Private Howard was ordered to Omaha where he remained
for some eight months, printing his photographs.
By early 1878, he had opened his own photographic
studio on Douglas Street and began producing his
images as large format prints as well as stereoviews
and carte-de-vistas. His catalog of views listed
78 images for sale. While in Omaha, Howard apparently
met photographer D. S. Mitchell who had recently
established the Great Western Photograph Publishing
Company with his partner, Joseph H. McGowan. Howard
apparently joined the firm under the name Mitchell,
McGowan & Company who marketed and sold Howard's
views as a set of 43 stereocards called "Military
Posts and Indian Views."
The photographic partnership broke up in the fall
of 1878. McGowan moved to North Platte and Mitchell
opened a new gallery called the Bee Hive Studio
on Sixteenth Street in Omaha. Lacking funds to complete
his survey of military roads, Stanton decided not
to attempt another summer of field work and released
Howard from his service in Omaha. In July 1878,
the photographer/soldier was transferred back to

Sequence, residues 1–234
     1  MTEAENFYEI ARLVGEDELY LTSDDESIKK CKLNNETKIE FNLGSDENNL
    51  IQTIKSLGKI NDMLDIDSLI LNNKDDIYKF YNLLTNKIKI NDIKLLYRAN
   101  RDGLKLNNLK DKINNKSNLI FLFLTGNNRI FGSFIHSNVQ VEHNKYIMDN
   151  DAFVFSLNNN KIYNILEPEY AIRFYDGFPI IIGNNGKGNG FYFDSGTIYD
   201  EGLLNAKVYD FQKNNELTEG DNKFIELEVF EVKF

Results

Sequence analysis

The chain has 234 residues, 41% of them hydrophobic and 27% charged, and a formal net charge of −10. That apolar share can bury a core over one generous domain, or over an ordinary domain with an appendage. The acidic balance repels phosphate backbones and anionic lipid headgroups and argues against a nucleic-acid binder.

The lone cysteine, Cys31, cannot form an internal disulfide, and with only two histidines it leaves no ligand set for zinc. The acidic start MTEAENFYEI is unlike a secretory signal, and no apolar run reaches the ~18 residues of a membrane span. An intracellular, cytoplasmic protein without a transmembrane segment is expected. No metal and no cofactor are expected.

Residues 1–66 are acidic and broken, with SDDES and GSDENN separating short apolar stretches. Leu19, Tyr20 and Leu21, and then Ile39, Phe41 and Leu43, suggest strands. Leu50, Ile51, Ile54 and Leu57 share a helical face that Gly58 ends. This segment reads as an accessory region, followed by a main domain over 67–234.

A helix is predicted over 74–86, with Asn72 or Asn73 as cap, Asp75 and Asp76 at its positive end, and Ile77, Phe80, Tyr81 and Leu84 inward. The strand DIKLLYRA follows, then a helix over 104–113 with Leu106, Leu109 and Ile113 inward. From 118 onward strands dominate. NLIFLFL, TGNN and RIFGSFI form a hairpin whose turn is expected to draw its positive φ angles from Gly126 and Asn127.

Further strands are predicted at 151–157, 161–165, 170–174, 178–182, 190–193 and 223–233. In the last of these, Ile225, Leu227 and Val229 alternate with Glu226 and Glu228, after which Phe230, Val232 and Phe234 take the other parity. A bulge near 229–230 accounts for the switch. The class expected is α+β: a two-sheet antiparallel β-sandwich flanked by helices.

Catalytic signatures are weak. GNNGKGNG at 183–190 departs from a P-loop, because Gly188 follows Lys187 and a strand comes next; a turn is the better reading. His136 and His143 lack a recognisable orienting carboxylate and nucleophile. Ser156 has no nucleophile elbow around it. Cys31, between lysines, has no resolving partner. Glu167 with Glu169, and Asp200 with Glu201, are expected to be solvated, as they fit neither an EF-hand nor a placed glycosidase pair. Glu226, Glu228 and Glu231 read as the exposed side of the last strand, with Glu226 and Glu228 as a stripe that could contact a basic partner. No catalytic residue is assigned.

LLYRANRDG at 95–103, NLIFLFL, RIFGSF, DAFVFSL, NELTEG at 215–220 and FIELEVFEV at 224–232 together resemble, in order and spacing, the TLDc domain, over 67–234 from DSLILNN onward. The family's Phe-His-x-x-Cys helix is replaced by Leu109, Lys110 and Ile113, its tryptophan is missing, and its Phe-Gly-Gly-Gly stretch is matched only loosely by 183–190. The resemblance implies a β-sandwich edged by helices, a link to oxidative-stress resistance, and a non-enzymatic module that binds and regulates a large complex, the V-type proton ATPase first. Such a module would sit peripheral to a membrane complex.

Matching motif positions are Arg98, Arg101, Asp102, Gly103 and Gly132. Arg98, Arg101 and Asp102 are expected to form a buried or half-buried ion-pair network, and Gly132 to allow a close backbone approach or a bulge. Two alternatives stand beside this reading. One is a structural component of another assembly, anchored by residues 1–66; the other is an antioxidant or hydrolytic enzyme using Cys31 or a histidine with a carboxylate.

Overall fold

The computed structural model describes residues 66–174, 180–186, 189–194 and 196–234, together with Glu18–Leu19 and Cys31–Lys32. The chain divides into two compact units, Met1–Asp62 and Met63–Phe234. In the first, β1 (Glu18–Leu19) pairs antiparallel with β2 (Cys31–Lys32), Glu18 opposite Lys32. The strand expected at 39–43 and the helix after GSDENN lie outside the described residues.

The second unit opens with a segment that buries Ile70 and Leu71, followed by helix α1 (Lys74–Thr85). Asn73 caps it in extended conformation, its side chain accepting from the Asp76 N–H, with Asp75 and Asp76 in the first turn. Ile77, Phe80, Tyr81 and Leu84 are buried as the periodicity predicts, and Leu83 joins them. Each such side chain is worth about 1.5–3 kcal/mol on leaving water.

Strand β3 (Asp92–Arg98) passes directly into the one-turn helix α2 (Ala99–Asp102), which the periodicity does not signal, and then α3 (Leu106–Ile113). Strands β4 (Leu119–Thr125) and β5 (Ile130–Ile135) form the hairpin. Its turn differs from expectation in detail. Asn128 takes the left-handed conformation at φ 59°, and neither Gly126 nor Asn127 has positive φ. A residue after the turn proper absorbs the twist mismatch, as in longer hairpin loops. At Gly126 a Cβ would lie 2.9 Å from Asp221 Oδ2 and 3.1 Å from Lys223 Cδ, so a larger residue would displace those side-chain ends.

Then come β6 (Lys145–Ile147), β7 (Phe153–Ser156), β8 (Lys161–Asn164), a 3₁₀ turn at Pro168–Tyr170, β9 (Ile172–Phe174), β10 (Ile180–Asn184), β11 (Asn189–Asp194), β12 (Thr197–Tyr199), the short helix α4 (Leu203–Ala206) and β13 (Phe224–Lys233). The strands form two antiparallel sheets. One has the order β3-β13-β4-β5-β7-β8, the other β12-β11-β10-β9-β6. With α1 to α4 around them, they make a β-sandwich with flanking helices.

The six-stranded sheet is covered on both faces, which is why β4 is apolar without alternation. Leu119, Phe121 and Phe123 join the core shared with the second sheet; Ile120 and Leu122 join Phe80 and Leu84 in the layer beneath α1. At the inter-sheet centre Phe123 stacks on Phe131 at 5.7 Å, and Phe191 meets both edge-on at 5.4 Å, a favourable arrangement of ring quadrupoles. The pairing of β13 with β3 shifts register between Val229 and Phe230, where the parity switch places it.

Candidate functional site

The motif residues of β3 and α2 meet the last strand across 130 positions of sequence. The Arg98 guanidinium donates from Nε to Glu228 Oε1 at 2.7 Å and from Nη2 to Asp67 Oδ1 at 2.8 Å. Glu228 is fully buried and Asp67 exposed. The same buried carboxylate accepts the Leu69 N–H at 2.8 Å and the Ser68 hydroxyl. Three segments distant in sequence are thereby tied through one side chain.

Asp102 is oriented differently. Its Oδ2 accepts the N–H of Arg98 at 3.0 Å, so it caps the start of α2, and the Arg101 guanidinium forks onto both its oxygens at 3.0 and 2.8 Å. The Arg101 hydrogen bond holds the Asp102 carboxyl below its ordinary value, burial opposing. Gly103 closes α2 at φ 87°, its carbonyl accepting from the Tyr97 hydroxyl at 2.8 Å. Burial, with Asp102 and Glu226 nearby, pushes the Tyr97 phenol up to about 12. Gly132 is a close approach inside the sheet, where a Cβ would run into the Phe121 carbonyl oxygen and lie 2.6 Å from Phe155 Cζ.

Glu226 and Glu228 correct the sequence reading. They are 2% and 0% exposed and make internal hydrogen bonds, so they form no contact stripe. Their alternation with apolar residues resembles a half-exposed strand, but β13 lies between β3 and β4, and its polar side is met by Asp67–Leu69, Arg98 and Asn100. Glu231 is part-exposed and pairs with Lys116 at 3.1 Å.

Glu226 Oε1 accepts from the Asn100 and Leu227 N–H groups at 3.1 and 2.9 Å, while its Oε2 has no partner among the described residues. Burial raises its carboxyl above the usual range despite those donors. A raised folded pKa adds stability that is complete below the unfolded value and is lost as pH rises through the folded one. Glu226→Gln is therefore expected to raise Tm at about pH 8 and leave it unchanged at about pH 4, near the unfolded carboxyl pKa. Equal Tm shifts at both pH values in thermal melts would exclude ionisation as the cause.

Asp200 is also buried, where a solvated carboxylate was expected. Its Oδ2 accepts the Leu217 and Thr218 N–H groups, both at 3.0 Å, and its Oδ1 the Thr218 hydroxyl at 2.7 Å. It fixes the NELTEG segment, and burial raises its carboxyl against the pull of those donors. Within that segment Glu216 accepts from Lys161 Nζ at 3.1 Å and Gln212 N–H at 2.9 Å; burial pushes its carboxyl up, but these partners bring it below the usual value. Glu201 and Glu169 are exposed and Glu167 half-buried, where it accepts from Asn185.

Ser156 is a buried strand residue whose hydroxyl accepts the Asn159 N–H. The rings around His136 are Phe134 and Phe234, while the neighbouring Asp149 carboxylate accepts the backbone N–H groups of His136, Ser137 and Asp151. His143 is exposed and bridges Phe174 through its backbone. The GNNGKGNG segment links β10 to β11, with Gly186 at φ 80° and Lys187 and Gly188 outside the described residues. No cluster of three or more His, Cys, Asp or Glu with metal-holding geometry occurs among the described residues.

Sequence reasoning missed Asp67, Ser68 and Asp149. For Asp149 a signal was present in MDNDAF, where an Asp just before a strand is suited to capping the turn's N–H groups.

his old company, now stationed at Fort Sanders near
Laramie, Wyoming. At Fort Sanders, he continued
to take photographs and he reprinted many of the
original Mitchell, McGowan & Company images,
suggesting that he may have kept some of the negatives
when the partnership was dissolved.
Charles Howard completed his enlistment and was
discharged from the Army in June 1880. What became
of him or his negatives after this remains a mystery.
No further documentation of this soldier/photographer
has yet been found.
Examples of Photographs
Only a small number of Private Howard's original
photographs have survived. Here are the known examples:
From Fort Bridger, circa. 1875-77
• Black Fork Valley at Fort Bridger. Brigham Young
• Officers' Quarters, Fort Bridger. American Heritage
• Portrait of Nelson and Edgar Carter, Carter
Collection, Wyoming State Archives.
• Portrait of unidentified child, Carter Collection,
Wyoming State Archives.
From Stanton Expedition, 1877
• Fort Laramie. Denver Public Library and National
• Old Bedlam, Fort Laramie. American Heritage Center.
• Indian Graves near Fort Laramie. Smithsonian Institution.
• Sundance Hill. Denver Public Library
• Fort McKinney. U.S. Military Academy
• Fort Fetterman. Nebraska State Historical Society
• Camp of 2nd Cavalry, Fort Fetterman. Three known
copies: Signal Corps Collection (RG111), National
Archives; Daughters of the US Army Collection (RG315),
U.S. Army Military History Institute; private collection.
• Group of Officers, Fort Fetterman. American Heritage
• Camp Robinson. U.S. Military Academy and South
Dakota Historical Society.
• Red Cloud Agency. Wyoming State Archives.
• Crow Butte. Denver Public Library
• Arappahoe Chiefs, 'Group'. Denver Public Library
• Gen. Bradley's Quarters, Camp Robinson. Denver
• Group of Officers, Camp Robinson. Denver Public